U.S. warns tourists of violence in seven provinces; Thousands of fishermen jailed for drug trafficking; El Niño preparations includes temporary bridges
The U.S. State Department is advising travelers to exercise “extreme caution” if they visit Ecuador’s El Oro, Manabí, Santo Domingo, Los Ríos, Santa Elena, Cañar and Carchi provinces.
In a statement issued last week, the State Department said that “robberies, kidnappings and violent deaths are common” in the seven provinces, recommending against all travel in the cities of Huaquillas in El Oro and Quevedo in Los Ríos.
The statement said the “activity of criminal gangs related to the illegal drug trade” was the major factor for rising crime rates in the provinces. “The danger is highest in the region close to Ecuador’s coast,” it said.
In an earlier statement, the State Department issued a similar warning for travel in Guayas Province. It added that travel was safe in most of Ecuador’s Andean region.
Thousands of fishermen jailed for drug trafficking
At least 2,000 Ecuadorian fishermen are in prison in the U.S. and Latin America for transporting drugs in their fishing boats, according to the Association of Mothers and Wives of Fishermen. Ecuador’s Navy reports that the number could be as high as 2,500.
About 300 of those prisoners come from Jaramijó, a small fishing community in Manabí Province.
“The primary method of transport of cocaine and other drugs from Ecuador north is by small fishing boats,” says Manabí Police Commander Patricio Almendáriz. “The fishermen are poor and some of them decide to work for the drug organizations which offer $5,000 to $30,000 per trip, depending on the distance and the amount of drugs transported. Many cannot resist the temptation.”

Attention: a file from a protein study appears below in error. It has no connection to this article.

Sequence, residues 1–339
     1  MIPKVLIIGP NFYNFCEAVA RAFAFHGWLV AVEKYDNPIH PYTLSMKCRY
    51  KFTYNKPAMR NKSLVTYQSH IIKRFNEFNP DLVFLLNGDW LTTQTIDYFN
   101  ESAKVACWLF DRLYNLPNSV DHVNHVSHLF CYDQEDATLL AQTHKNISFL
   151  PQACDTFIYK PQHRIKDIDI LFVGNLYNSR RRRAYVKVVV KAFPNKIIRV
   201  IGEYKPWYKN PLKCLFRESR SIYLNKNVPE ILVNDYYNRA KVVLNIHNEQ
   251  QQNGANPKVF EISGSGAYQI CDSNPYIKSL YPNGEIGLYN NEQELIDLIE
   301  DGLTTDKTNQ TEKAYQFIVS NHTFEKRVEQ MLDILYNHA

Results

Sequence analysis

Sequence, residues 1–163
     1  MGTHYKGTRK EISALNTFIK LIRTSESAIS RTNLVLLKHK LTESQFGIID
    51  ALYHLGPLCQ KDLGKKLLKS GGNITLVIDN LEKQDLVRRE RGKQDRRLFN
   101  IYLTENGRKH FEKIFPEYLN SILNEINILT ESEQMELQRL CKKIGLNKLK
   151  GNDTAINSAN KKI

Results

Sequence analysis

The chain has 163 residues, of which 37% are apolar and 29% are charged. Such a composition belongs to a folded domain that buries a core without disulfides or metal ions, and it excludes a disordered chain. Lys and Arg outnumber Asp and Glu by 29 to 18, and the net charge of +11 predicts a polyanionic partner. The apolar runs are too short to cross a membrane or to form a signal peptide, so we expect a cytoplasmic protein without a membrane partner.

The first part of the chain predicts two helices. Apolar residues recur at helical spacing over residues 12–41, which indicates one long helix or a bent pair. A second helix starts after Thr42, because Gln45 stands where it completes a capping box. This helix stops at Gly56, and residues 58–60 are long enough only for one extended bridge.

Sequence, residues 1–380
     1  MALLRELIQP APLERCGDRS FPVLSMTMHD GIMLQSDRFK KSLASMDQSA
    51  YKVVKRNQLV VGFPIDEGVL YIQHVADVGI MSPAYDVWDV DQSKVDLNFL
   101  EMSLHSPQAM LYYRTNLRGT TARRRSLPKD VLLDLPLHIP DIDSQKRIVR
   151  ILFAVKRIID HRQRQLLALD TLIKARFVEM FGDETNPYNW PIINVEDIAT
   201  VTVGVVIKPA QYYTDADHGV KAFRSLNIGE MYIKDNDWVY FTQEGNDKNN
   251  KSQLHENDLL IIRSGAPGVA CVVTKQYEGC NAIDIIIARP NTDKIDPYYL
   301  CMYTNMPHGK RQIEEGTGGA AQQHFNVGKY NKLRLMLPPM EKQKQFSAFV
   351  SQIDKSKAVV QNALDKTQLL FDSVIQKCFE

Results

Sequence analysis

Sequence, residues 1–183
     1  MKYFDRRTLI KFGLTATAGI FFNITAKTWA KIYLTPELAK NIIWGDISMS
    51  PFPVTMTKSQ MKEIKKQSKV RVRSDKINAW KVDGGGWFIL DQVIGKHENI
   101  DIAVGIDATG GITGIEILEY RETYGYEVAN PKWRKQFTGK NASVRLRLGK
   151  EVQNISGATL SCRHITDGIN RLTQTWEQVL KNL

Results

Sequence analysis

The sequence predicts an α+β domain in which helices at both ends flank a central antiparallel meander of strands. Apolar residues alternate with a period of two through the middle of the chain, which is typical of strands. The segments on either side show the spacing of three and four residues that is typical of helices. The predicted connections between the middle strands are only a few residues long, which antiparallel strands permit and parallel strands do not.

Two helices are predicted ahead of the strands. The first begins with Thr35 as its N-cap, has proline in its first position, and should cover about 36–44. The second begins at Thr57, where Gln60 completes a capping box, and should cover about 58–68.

According to Almendáriz, some larger fishing boats transport drugs as far north as Mexico and even southern California. “The shipments are intended for the U.S. market,” he says, adding that in addition to those apprehended and jailed, dozens of fishermen disappear each year, most of them presumed to be victims of violence.
The fishermen arrested and imprisoned serve terms of as along as 25 years, depending on the amount of drugs they are caught with, says Almendáriz. Countries with the most Ecuadorian prisoners are Colombia, the United States, Mexico, El Salvador, and Honduras.
The high number of prisoners from Jaramijó is a tragedy for a community of less than 20,000, say Almendáriz. “We spend a great deal of effort establishing contact between the prisoners in other countries and their families,” he says. “Unfortunately, the drug gangs are very active here and the number of fishermen working for them does not appear to be doing down. The consequences of being caught, however, can be devastating.”
The number of imprisoned fishermen from Colombia and Peru is even higher than Ecuador’s, the Navy reports. An estimated 10,000 Colombians and 3,000 Peruvians are serving prison terms for drug transport in fishing vessels in several countries.
El Niño plan includes temporary bridges
Among the measures of President Guillermo Lasso’s most recent decree is the construction of dozens of portable bridges to be used in case of El Niño floods. Called Bailey bridges, the pre-fabricated, steel truss structures can be set up quickly when permanent bridges are destroyed.
“One of the most serious problems in the 1998 El Niño is that communities were cut off by floods that destroyed bridges and tens-of-thousands of people were unable to leave flooded areas,” says Public Works Minister César Rohon. “In several cases, it was months before new bridges could be constructed. Under the president’s order, we will begin fabricating the Bailey bridges immediately, so they are ready when they are needed.”
According to Rohon, provision of the temporary bridges is one of several issues addressed in Presidential Decree 784 to prepare for El Niño. “We are now on yellow alert, which allows us to initiate disaster planning, and this will be elevated to red alert when flooding rains begin. We learned a very painful lesson 25 years ago and many lives were lost because of lack of preparation. We don’t want to repeat those mistakes.”